How Disability Influences the Way We Parent
When I was a child, I learned a song called “Greatest Love of All.” I’ve always found the first two lines particularly striking: “I believe the children are our future/ Teach them well and let them lead the way.”
Now that I am a mom to my very own spunky little girl, Cittie, this statement rings even more true. As my daughter gets older and her character begins to develop, I realize even more how important it is to give our child appropriate guidance to help her navigate every life stage with confidence and compassion for self and others.
I also realize how important it is for a parent to be fully present for their child, and to be emotionally attuned to the child so they can connect on a deep and authentic level.
“Connection before correction” is a well-known phrase in the parenting world. Only when there is a heartfelt connection between a parent and their child does the child become receptive to the parent’s teaching. Lecturing and nagging never go straight to the heart. (In elementary school, I would roll my eyes at teachers who prattled endlessly but never talked to us for a minute or practiced what they preached.) But meeting another person where they are, trying to understand their point of view and their struggles, and offering genuine support makes a difference.
I’ve been able to practice this in my interactions with my husband, Jared. I can see how emotionally connecting with him and trying to see things from his perspective have helped our relationship progress. We are from two very different worlds: He has chronic illnesses (hemophilia and a seizure disorder), while I am relatively healthy, although I do struggle with anxiety and depression.
Both of our conditions can make daily life a struggle, so we must be transparent and objective with each other in order to get by. We must be honest about what we can or can’t do, and compromise if one of us is lacking in some capacity. This way, we can effectively support each other.
Even if my daughter is not chronically ill, we have different life experiences. We are a generation apart, which means that she will be influenced by different things. There will always be a gap between us, and as the older, more experienced person, I am responsible for filling that gap and reaching out to her. I can achieve this through intentional parenting strategies, which Jared and I both strive to put into practice.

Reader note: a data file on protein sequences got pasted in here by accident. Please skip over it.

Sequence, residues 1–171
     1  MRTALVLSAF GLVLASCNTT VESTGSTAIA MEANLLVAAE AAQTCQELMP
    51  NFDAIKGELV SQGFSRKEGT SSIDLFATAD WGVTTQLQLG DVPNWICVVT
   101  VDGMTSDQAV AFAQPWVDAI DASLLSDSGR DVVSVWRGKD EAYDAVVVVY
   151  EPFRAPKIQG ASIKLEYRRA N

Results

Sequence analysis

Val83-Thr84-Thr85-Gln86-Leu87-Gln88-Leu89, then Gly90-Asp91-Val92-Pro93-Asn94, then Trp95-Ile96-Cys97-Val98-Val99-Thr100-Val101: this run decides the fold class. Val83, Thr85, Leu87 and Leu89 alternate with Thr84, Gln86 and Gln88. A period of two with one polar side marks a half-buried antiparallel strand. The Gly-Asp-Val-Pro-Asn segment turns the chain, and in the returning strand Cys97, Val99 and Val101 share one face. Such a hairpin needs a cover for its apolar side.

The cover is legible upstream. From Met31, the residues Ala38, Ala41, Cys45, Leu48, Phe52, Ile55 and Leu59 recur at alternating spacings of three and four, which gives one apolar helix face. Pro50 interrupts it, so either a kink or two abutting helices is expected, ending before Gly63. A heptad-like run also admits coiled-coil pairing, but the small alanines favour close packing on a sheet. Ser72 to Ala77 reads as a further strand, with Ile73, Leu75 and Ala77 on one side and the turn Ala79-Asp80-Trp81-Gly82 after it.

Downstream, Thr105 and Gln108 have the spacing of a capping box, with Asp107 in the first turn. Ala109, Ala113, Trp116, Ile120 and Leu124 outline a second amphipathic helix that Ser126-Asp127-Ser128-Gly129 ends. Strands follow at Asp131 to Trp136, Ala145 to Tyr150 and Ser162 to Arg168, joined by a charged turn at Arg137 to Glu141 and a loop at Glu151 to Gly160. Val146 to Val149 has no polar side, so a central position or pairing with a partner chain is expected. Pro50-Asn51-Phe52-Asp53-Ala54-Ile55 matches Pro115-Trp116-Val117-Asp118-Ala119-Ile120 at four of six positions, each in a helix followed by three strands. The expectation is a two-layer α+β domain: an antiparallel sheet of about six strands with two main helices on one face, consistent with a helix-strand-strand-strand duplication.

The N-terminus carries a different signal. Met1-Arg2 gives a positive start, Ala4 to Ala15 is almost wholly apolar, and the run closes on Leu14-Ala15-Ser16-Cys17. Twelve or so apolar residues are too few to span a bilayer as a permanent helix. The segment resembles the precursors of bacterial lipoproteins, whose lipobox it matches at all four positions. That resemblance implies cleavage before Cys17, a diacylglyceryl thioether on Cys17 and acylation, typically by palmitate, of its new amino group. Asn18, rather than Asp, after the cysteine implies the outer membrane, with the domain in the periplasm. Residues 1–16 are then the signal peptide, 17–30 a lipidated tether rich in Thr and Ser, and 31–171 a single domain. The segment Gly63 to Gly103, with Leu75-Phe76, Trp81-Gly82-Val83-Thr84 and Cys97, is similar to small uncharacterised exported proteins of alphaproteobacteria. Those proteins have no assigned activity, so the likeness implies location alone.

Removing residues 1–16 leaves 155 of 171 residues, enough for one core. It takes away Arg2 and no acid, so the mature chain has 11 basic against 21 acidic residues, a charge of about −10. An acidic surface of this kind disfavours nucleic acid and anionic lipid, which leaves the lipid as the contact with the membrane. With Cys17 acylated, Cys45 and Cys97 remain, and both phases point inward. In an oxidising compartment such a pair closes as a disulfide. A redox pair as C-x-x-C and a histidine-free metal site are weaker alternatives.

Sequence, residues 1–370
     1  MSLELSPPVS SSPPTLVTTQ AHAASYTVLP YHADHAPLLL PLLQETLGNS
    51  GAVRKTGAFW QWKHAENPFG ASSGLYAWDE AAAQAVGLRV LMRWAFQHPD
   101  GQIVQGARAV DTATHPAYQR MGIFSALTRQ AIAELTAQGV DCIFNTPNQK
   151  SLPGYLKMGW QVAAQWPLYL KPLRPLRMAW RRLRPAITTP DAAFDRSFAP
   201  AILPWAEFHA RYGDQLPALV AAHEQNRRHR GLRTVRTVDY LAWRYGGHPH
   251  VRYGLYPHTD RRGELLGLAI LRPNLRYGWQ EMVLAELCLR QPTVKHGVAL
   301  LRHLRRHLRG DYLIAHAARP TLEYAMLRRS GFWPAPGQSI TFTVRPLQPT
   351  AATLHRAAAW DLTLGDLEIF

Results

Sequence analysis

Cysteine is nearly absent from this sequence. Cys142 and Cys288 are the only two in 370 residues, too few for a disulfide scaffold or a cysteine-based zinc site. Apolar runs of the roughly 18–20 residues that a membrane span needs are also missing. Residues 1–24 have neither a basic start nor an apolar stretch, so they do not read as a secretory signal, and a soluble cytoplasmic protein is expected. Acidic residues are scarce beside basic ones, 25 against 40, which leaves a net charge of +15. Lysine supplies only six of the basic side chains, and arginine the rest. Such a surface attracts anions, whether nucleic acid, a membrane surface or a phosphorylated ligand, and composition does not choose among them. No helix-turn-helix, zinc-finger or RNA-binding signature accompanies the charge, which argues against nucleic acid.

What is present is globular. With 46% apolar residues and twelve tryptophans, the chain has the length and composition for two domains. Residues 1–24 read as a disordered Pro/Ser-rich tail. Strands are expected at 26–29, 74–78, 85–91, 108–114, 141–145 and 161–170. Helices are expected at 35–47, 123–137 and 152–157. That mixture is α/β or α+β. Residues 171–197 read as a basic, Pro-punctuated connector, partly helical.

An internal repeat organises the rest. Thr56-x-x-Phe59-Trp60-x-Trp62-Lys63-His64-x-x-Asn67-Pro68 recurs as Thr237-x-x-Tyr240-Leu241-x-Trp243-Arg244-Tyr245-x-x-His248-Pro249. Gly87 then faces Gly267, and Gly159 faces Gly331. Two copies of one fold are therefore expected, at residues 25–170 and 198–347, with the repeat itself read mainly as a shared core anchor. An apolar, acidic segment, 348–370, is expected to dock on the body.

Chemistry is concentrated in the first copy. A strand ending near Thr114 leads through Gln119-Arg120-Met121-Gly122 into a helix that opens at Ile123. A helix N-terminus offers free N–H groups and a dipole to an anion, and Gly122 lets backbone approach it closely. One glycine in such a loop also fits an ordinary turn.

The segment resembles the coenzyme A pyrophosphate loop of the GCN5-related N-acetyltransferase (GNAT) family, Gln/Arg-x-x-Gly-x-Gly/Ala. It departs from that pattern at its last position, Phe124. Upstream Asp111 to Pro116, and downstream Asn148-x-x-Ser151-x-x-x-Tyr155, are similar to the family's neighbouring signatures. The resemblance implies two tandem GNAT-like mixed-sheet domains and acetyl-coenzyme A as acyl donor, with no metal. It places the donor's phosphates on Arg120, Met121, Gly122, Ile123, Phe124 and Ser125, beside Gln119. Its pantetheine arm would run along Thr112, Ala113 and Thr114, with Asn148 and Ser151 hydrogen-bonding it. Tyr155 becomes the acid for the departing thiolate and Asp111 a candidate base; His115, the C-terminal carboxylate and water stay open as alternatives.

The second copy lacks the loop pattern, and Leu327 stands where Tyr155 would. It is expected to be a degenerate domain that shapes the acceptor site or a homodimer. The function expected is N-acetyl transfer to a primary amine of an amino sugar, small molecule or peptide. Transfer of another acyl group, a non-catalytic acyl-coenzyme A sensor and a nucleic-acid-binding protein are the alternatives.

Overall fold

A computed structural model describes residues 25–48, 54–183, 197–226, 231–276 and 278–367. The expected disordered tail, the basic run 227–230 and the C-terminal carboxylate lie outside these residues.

Intentional parenting is all about choices. An intentional parent knows that time and energy are limited resources. With that in mind, the intentional parent makes a priority list of where their time and energy go, and they let this priority list guide their day-to-day decisions.
My husband and I are very much aware of the spoon theory, a metaphor that describes how much energy a chronically ill person has available for daily activities. Healthy people have nearly unlimited “spoons” to spend, but for chronically ill people, their illness determines the number of spoons they have. Once these spoons are spent, the person is done for the day.
Likewise, in our parenting journey, we are made aware that time is a finite resource. The days are long, but the years are short. There is only a brief window of time when a child’s mind expands rapidly, allowing them to soak up knowledge like a sponge. Once this window has passed, the child will no longer learn as quickly.
Thus, a parent must decide between pursuing a life that satisfies their own desires, or putting these desires aside and spending what few spoons they might have on their child. Often, it is impossible to do both at the same time.
Much of my attention goes to Cittie these days, as the experiences she’ll have at her current age are crucial to her “becoming.” Jared and I both want to spend most of our spoons being present for her right now, equipping her with the skills she needs to become independent. In time, she won’t need us as much anymore. And by then, I can pursue the things we want for ourselves.
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